Back in October and November last year I was looking at Steve McSwain’s list at Huffington Post of culprits contributing to what he perceives to be the demise of the church in North America.


I realized this morning that I never finished the list. In light of my day yesterday, McSwain’s culprit #7 is particularly timely.

Yesterday, I spent the day with fifty clergy colleagues discussing who we welcome to the Communion table in our churches. McSwain argues that the failure on the part of church communities to be genuinely welcoming is a stumbling block to the well-being of church in our current culture.

7. Exclusion/Inclusion

You cannot say, “Everybody is welcome here if, by that, you really mean, so long as you’re like the rest of us, straight and in a traditional family.”…

If everyone is not really equally welcomed to the table at your church, stop advertising that you are open to anyone. That is not only a lie, but Millennials can see through the phony façade as clearly as an astronomer, looking through the Hubble telescope, can see the infinity of space.

People today meet other people of entirely different faith traditions and, if they are discovering anything at all, it is that there are scores of people who live as much, if not more, like Christ than many of the Christians they used to sit beside in church.

It was gratifying yesterday, in the conversations I heard, to realize how determined the clergy with whom I share in ministry are to put as few unnecessary barriers as possible in the way of being genuinely welcoming.

The welcome we hope to embody in our communities is symbolized by the practice of what has come to be known as “Open Table”. This means, if you come forward for Communion in an Anglican Church and indicate a desire to participate, you will receive the bread and wine. It is hard to imagine what possible justification there might be for any other practice.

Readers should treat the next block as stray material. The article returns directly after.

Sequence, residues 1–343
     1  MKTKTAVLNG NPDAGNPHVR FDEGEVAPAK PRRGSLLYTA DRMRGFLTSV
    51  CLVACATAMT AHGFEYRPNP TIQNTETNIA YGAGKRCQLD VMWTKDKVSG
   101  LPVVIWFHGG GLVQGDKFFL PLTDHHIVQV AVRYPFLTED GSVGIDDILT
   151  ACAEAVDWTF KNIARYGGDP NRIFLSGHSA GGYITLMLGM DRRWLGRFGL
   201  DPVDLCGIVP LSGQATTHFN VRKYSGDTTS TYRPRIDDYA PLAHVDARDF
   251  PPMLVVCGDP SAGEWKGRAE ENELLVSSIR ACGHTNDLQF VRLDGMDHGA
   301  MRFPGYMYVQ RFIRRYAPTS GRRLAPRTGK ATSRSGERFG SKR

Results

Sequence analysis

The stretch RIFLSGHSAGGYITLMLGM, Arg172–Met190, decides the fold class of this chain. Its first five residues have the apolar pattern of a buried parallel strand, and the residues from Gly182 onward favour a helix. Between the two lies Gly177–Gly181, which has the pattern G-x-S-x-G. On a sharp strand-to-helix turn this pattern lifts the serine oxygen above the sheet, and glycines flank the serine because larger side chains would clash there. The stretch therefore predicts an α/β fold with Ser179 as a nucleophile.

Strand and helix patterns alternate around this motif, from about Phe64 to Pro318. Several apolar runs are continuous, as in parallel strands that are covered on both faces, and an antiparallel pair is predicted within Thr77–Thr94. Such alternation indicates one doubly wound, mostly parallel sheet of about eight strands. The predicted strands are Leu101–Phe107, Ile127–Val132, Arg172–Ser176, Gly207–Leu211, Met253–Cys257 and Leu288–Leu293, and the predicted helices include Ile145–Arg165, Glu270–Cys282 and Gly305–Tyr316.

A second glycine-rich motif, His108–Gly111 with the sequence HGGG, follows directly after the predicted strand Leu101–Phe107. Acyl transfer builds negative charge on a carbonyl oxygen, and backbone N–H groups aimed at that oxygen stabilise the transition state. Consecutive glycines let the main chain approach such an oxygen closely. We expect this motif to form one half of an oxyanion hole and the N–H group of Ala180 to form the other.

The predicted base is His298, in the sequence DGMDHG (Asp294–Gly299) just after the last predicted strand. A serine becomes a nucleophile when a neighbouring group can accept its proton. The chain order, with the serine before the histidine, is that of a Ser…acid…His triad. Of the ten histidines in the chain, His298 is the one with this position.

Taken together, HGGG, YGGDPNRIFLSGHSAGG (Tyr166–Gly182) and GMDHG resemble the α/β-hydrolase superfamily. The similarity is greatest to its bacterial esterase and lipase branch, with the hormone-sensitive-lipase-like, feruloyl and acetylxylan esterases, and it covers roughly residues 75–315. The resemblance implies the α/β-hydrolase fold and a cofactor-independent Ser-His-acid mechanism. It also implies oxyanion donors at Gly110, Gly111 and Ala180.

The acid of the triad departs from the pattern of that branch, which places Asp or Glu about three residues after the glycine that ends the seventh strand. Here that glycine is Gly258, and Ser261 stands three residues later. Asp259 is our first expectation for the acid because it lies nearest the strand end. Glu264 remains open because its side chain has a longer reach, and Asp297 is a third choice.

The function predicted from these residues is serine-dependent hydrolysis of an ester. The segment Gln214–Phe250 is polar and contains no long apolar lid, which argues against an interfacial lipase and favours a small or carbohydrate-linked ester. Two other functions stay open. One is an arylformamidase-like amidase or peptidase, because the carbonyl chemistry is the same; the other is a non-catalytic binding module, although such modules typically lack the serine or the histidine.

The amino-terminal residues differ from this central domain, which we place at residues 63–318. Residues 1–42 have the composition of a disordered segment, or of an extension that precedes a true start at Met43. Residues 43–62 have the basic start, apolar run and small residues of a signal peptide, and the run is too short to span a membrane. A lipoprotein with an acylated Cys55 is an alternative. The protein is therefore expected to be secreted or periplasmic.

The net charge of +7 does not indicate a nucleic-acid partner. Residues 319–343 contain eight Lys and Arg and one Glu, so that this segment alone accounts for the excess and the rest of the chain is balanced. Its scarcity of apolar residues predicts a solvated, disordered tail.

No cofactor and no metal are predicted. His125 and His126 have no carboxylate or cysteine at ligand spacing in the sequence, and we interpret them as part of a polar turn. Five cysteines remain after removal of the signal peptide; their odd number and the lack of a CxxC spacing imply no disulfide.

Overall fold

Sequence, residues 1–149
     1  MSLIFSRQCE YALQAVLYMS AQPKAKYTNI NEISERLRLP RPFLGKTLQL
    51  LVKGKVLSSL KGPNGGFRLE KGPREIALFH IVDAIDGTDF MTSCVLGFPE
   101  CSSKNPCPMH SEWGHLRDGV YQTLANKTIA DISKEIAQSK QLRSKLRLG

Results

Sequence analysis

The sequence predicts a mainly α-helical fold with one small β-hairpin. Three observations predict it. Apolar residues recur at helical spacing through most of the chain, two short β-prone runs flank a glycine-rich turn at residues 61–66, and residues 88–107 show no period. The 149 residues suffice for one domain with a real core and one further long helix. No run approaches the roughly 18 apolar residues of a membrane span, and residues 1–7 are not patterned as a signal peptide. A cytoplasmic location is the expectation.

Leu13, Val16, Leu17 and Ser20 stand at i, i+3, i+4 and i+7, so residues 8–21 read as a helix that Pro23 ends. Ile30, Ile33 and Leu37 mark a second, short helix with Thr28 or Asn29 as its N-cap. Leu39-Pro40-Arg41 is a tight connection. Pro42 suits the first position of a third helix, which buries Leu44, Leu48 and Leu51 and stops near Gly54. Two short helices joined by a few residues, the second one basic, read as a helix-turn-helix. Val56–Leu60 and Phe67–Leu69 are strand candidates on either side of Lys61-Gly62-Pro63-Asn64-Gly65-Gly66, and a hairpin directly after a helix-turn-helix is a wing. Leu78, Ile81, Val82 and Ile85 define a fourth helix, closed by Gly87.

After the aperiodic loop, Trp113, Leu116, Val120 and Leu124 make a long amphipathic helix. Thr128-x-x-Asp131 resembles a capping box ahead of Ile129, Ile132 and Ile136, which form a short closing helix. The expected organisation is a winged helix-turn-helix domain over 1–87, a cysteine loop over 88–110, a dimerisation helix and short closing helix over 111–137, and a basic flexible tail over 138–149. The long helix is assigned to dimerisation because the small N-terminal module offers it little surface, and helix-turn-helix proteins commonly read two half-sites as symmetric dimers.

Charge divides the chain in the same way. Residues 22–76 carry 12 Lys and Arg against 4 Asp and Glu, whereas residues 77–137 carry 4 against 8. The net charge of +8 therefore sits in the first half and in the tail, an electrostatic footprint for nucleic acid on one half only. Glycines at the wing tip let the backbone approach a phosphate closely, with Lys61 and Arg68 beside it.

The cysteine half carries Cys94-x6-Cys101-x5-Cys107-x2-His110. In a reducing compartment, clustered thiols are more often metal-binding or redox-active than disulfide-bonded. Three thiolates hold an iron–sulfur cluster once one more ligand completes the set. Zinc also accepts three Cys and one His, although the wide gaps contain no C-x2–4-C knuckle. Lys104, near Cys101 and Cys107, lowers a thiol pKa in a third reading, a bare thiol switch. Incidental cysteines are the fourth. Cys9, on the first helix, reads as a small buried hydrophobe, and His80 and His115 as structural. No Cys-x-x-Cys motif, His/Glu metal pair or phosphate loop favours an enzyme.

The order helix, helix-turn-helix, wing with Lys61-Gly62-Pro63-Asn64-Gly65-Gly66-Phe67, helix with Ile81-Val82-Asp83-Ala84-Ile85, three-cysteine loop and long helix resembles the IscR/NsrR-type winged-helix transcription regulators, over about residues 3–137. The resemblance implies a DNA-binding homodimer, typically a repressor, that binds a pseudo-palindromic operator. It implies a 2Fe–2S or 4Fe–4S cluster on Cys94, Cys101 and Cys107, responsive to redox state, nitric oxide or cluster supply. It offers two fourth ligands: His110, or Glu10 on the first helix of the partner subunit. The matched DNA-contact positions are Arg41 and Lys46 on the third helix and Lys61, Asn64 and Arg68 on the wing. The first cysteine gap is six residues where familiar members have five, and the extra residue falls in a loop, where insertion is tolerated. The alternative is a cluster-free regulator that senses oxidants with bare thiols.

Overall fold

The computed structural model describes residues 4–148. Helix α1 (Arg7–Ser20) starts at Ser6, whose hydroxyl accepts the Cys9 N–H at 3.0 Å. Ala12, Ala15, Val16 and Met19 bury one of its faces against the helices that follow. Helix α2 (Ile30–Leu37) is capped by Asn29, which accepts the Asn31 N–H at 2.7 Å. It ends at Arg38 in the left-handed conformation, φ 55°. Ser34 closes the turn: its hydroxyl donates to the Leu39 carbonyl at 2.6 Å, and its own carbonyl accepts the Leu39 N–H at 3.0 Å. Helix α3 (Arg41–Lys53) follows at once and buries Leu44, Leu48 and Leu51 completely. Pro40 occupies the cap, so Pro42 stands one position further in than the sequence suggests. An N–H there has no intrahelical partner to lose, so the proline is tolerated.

If we believe we are offering the life of Christ in the Eucharist, it is difficult to see why we might ever say to anyone, “No, you are not quite qualified to receive this freely given gift of light and truth embodied in this bread and wine.”

I do not know if it is unique to “Millenials”; but I think McSwain is right that today many people will immediately “see through the phony façade” of a welcome that is not genuine. And a genuine welcome means an open unconditional welcome.

Of course there are certain parameters any community must observe in an attempt to keep participants as safe as possible and to establish our relationships on mutual respect and kindness. But, once we have done what we can to make the church a safe and respectful place, what further regulations are required?

The fear that, if we welcome anyone at the table, we will lose any sense of cohesive identity, is an empty fear. We are simply shifting our sense of identity away from boundaries and regulations to openness and grace. We are defined by our practice of welcoming everyone who comes with any sign of faith no matter the depth of their faith or the degree of their institutional commitment.

As someone said in our meeting yesterday, “In our context today, simply by walking through the church door, a person has already made a profound counter-cultural gesture of faith.” What possible rationale could their be for the church to fail to honour this gesture of faith and fully include such a guest at our table?